* PHYSICALLY APPROPRIATE. I ain’t small. I’m probably never going to be small. Being smaller is something I’m working on, but there are some roadblocks in the way I need to deal with before I can truly get to work on that. That aside, even when I was lighter, I preferred a stout, well built critter that’s a smidge bit lower to the ground. 15-15.1 is about perfect for me, provided the horse is built well with good bone, a shorter, strong back and decent shoulder conformation. I’ll admit, I’m vain — I want the whole package pretty. I like hair (looooots of hair!). Gender and color are the last things on my mind, but if we’re going for ideals here, I’d prefer to avoid the lighter colored horses (really light palominos, greys, cremellos, ect) and would prefer a gelding. There is no such thing as a bad color on a good horse, so that’s just a “if I get really lucky” kind of statement! I would prefer a horse younger than 15 but old enough to have already been backed with your basic buttons installed: go, whoa, back, left, right. Would also like barefoot and an easy keeper, along with a good history of being sound and medically unexciting.
* SANE. I loved Image. He was a nearly perfect gentleman on the ground and almost nothing bothered him. I did not love, however, his tendency to go all explodey under saddle. He had every reason to be, mind you, but it doesn’t mean I liked it. I, however, do not want to play the explodey-bucky game again. I hate bucking more than anything, but I’d like to avoid the big three: bucking, rearing and bolting. I can deal with confidence issues, provided they manifest in ways that aren’t any of those. I would consider myself an advanced intermediate rider (when I’m riding consistently…sigh) and can deal with most naughty behavior…but that doesn’t mean I want to! Horses are horses, and they will react to things in “undesirable” ways no matter what…but I’d prefer to avoid a horse that has chronic issues with any of the above. I’d also prefer to avoid a horse that has truly serious confidence issues under saddle…see above re: spooking 🙂 All of this applies to working with the horse on the ground as well. I do not want to deal with an animal that can’t be handled safely on the ground due to aggression or fear issues. That’s not my idea of a good time.
* CONNECTION. If I don’t have that spark of connection, game over. It could be the best horse in the world, but if I look at him/her and I’m not thrilled to be in their presence? Not happening. I want a horse to bond with and have as a partner and friend. I had it with GP. I had it with Image. It’s really important to me to have that connection.
These are qualities that aren’t “hard and fast” rules on what I want/need. There is some wiggle room here. No horse is perfect. No human is perfect.
* SMART and WILLING. I like smart horses. I like horses that when faced with something new, thinks it through and then reacts. I value level headedness quite a bit. I like horses that have a lot of “try” and want to give me the right answer, even if they don’t understand what I’m asking. I love horses that do their job with joy and don’t have a sour, unhappy look about them every time I saddle up to ride.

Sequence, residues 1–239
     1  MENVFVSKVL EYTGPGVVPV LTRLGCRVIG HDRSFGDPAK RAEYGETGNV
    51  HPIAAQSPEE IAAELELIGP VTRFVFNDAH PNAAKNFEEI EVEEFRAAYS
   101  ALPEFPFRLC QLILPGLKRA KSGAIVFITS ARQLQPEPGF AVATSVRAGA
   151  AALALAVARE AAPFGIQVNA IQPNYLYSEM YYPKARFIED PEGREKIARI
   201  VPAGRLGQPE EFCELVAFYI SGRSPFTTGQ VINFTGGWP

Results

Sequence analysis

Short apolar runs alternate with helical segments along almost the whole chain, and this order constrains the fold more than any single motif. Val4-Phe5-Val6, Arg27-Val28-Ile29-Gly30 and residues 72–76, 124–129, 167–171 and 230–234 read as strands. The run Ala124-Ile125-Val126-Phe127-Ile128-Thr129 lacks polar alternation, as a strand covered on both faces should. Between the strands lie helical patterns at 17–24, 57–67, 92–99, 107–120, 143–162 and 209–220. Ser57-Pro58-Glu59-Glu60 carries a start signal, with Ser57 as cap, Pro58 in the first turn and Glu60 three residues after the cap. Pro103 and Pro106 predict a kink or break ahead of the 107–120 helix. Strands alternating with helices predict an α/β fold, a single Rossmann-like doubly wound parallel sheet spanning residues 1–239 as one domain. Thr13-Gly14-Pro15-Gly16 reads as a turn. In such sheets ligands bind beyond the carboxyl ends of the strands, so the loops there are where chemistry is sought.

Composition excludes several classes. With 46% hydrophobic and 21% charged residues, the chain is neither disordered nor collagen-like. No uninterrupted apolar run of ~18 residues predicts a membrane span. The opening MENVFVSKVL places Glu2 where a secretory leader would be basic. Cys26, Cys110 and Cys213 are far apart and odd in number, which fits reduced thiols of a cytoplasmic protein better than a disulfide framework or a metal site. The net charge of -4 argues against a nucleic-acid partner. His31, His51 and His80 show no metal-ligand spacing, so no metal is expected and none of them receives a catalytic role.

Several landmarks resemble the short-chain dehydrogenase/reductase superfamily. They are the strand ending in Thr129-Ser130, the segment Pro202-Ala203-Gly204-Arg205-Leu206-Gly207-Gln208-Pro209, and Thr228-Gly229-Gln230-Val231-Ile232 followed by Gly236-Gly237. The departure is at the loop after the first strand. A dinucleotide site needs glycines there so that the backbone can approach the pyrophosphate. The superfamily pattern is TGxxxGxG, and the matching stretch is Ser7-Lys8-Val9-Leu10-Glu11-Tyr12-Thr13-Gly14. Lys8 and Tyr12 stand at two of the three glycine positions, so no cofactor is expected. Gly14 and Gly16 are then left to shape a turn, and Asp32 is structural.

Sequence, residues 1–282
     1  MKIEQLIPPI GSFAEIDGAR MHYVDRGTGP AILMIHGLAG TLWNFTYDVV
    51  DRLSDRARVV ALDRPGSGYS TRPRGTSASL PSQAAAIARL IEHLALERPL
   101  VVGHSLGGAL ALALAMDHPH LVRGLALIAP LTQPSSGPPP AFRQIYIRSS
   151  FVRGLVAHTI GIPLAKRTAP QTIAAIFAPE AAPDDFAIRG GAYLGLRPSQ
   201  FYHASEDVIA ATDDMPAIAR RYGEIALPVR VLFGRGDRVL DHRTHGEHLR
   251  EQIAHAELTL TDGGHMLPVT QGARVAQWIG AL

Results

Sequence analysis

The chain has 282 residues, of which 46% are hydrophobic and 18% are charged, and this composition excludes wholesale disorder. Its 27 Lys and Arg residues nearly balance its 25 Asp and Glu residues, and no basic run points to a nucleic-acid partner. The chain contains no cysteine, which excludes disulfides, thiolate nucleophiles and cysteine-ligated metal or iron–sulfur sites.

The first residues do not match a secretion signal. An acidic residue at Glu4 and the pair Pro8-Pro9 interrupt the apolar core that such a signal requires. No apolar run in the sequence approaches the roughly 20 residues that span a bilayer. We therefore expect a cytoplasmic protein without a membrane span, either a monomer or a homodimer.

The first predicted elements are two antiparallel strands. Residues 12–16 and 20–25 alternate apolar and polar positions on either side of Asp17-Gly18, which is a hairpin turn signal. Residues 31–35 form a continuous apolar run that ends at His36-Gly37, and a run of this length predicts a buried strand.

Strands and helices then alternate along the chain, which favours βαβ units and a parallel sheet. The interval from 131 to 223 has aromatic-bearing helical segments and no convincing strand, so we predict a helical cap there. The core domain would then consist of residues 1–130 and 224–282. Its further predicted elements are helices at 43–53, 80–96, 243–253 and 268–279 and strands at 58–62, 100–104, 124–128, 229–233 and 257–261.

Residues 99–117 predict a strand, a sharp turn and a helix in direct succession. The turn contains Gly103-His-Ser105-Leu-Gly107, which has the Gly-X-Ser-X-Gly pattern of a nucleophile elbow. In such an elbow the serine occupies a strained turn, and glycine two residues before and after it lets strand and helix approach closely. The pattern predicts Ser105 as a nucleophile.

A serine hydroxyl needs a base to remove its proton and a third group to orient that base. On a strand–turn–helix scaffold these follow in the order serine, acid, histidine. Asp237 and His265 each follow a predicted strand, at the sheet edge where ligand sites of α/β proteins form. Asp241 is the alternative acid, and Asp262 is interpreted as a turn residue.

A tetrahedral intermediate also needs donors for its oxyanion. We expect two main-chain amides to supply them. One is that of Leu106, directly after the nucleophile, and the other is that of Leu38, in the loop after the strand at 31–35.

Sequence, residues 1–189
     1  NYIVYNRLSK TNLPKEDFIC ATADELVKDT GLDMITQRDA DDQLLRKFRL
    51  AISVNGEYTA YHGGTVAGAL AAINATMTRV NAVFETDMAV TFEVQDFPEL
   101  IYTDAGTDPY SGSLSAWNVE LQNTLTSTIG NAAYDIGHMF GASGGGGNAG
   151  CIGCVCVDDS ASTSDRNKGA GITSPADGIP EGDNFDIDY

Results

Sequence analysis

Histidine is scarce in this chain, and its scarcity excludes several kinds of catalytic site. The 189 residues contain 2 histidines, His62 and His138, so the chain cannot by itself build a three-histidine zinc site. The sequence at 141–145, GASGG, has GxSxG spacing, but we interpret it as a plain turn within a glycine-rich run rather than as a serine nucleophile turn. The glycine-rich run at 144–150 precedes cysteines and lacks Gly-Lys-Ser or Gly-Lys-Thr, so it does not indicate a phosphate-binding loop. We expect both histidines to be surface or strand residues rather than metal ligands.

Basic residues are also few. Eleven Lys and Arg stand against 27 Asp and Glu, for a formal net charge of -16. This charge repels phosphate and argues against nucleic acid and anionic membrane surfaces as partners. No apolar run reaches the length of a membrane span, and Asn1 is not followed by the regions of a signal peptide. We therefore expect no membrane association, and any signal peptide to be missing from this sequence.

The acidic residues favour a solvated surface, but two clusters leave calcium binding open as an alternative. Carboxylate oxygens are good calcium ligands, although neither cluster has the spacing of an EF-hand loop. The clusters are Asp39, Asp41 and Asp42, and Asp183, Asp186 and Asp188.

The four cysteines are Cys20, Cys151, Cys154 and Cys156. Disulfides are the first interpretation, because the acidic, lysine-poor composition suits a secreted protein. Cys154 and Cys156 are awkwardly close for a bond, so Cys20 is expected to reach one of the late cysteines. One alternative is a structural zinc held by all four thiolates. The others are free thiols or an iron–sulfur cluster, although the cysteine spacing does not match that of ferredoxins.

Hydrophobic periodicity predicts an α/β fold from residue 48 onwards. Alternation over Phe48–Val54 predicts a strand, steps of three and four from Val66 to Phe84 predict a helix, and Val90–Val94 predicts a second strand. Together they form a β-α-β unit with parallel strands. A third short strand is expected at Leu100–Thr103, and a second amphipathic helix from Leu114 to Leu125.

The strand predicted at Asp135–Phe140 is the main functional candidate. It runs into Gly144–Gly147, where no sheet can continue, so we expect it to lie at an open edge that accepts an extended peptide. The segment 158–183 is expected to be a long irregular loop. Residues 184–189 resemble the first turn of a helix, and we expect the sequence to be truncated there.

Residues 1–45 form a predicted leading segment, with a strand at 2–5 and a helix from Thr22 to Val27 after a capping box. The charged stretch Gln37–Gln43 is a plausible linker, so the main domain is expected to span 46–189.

* BOLD and ADVENTUROUS. I go out alone a lot. I explore new territory a lot. I want a horse that LOVES the trails, and likes to go play, regardless of who they are or aren’t with! I have great trail systems right down the road from L’s, but I would love, love, LOVE to start being able to trailer out with friends to go ride elsewhere. I’d love a horse that is just as happy as I am to go on an adventure that could include riding down the road, weaving through the local trails by the gun club, and then yanking off tack and going for a swim in the river. A level headed horse that doesn’t have a lot of spook to him is ideal in my little world. Horses spook, there’s no getting around that…but I don’t want to feel like I’m a ping pong ball because my critter is peeking and eek-ing at everything in sight!
* FORWARD and RESPONSIVE. I hate having to constantly nag a horse to keep it’s pace. I’d prefer to hold back instead of boot forward, but! I want a horse that doesn’t need anything more than a snaffle in it’s mouth. Lightness and suppleness is important — there is nothing better than simply closing your hand on a rein and having the horse respond accordingly. GP’s mouth was rock solid and while I loved him to the moon and back, I hated having to use a big bit with him. Forward, mind you, doesn’t mean hot. I don’t want insane, out of control forward motion…just a little more get up and go than chill out and slow 😉 I don’t like having to “get louder” if my request is being ignored, and I prefer a horse that is sensitive to body language. By the time I lost Image, I was able to lead him without a halter, bring him into the barn, and set him up on the cross ties, all through body language and voice commands, even if there was grass under his nose. I don’t mind if the training for these things is already in place or not — just the inclination to be more in tune to things is the important part.